5 Ways Toxic Leaders Retaliate via “Proper Channels”

Araya Baker, M.Phil.Ed., Ed.M.
4 min readNov 9, 2023


Toxic leaders design complaint protocols that are self-protective by default.

Anete Lusina/Pexels

Key Points

  • Toxic leaders manipulate “proper channels” to make it difficult for victims to get justice.
  • Toxic leaders manipulate “proper channels” to maintain power and silence critics in five ways.
  • These tactics can include pathologizing self-advocacy and choosing biased higher-ups for appeals processes.

Psychology Today cross-published a version of this essay.

Journalist Jon Stone writes, “One reason people insist that you use the proper channels to change things is because they have control of the proper channels, and they’re confident it won’t work.”

Inevitably, we all encounter power struggles in the workplace, our family or romantic relationships, local politics, faith communities, or civic organizations like fraternities and sororities.

Many victims of power struggles do not perceive their victimization until they have exhausted all the allegedly fair and objective “proper channels” for reporting grievances or engaging in mediation.

Only after institutions block all paths defying the status quo do many victims realize the hoops and hurdles they jumped through and over were intentional, not coincidental, inconveniences.

Demoralization and disillusionment often ensue because of the cognitive dissonance between not wanting to succumb to cynicism and discovering the underbelly of an institution or organization.

Yan Krukau/Pexels

To our defense, we are socialized in hierarchical schools that conflate authority with both morality and reason, as well as a consumerist economy that constantly preys on our insecurities for profit.

How could we not turn into adults who feel less comfortable exercising our moral courage than idealizing leaders we often do not know and have not observed in situations that test their integrity?

On top of this, the dominant definition of peace is negative peace or the absence of conflict without actual justice. This framing conditions us into conflict avoidance, passive aggression, and silent suffering.

These cultural forces shape our natural inclination to trust “proper channels” and distrust methods of whistle-blowing, like filing lawsuits, opening investigations, or contacting investigative reporters.

Not even coworkers or mentors who know how futile the “proper channels” are can deter the naïveté of some of us. Like a child warned not to touch the stove, we believe something about us is exceptional.

Shvets Production/Pexels

Keep reading to confirm the five ways you probably already know toxic leaders manipulate “proper channels” but were gas-lit about because you could not put your finger on your hunches.

  1. Pathologizing self-advocacy or “going above my head.” This might look like being warned or suspended after complaining to a high-ranking leader who manages your abusive supervisor. By decontextualizing and overdramatizing your faux pas deviation from the chain of command, toxic leaders can pathologize you as “unprofessional” or even emotionally unstable (e.g., lacking self-regulation). The focus then shifts from an organization’s lack of self-monitoring to your alleged deficit in self-monitoring. Your concerns are eclipsed with faux “concern” about your health and stability.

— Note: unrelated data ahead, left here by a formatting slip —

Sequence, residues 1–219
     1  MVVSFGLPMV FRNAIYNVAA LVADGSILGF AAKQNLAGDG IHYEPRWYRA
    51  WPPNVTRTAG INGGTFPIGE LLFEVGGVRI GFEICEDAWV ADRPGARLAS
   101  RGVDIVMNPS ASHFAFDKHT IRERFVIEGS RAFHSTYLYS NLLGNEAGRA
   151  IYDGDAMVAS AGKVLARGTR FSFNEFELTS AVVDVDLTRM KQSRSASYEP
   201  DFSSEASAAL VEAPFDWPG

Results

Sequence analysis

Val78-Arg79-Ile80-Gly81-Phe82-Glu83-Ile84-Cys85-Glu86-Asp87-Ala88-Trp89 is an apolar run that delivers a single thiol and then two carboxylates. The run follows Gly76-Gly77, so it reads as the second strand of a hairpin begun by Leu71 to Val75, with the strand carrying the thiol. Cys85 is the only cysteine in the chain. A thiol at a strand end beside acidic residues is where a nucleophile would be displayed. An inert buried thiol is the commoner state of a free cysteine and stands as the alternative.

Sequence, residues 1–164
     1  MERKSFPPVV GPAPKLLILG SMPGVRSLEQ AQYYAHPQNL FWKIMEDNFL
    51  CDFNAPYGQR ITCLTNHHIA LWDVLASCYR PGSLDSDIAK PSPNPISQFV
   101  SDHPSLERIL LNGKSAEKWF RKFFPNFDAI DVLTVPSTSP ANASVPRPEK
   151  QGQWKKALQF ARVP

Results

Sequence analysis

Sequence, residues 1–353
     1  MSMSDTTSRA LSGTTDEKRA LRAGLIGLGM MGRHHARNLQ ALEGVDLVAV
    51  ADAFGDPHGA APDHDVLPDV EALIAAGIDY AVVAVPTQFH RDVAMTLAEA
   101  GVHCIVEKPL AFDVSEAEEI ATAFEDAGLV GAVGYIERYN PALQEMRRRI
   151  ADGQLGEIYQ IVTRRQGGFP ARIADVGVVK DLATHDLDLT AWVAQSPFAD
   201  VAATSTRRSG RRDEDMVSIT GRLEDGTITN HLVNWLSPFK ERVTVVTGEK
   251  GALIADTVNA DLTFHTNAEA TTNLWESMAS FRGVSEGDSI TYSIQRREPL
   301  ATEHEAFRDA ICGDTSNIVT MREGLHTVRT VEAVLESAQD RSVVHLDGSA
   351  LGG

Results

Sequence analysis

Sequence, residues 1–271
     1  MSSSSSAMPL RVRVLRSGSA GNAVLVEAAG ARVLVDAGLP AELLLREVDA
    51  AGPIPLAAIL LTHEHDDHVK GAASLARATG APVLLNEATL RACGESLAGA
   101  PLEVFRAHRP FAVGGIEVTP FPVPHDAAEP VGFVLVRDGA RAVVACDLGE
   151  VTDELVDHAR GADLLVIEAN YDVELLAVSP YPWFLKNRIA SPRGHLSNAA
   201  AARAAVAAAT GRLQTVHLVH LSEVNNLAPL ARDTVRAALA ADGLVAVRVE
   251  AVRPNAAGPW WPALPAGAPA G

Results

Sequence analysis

2. Requiring initial reports of the problem to be directed to the problem. This protocol presumes that victims deal with a leader with whom they can reason — someone not committed to misunderstanding and sabotaging them. Yet, in actuality, most workplace bullies who hold leadership positions exhibit signs of narcissistic abuse, in the sense that they will rationalize their behavior to the point of deep hypocrisy and self-contradiction, then DARVO (deny-attack-reverse victim and offender) to avoid accountability. This trait is why many toxic leaders favor reporting systems they can filter and screen over ones that offer victims confidentiality.
  3. Choosing biased higher-ups for appeals processes. An appeals process with integrity involves unaffiliated third-parties who have no relation to the complainant or respondents in a “case.” In toxic systems, appeals processes escalate complaints up a chain of command that is merely a clique. The formal correspondence and documentation — usually printed on official letterhead — obfuscates that your appeal was the subject of a group chat or FaceTime among the signees.
  4. Creating policies that do not obligate follow-up. At the very least, abuse in the workplace warrants direct acknowledgment from leaders. Yet this seemingly common courtesy is not so common due to reservations about legal liability or flat-out malice and pettiness. As an excuse, leaders can craft policies that justify non-responses to serious complaints that warrant immediate follow-up, usually under the pretext of system overflow (if an organization receives complaints non-stop, that’s a serious problem in and of itself). This cop-out leaves room to sabotage complainants by taking no action at all.
  5. Framing complaints with external organizations as retaliation or “snitching.” A common way to deter external reports about institutional betrayal is to pull a classic DARVO move and distort complaints to other agencies as “snitching.” Shaming victims for an alleged lack of loyalty alienates them from others and pressures them to rescind their reports. No one wants to be seen as (or feel like) a snitch, even when, rationally, they know speaking out is a last resort.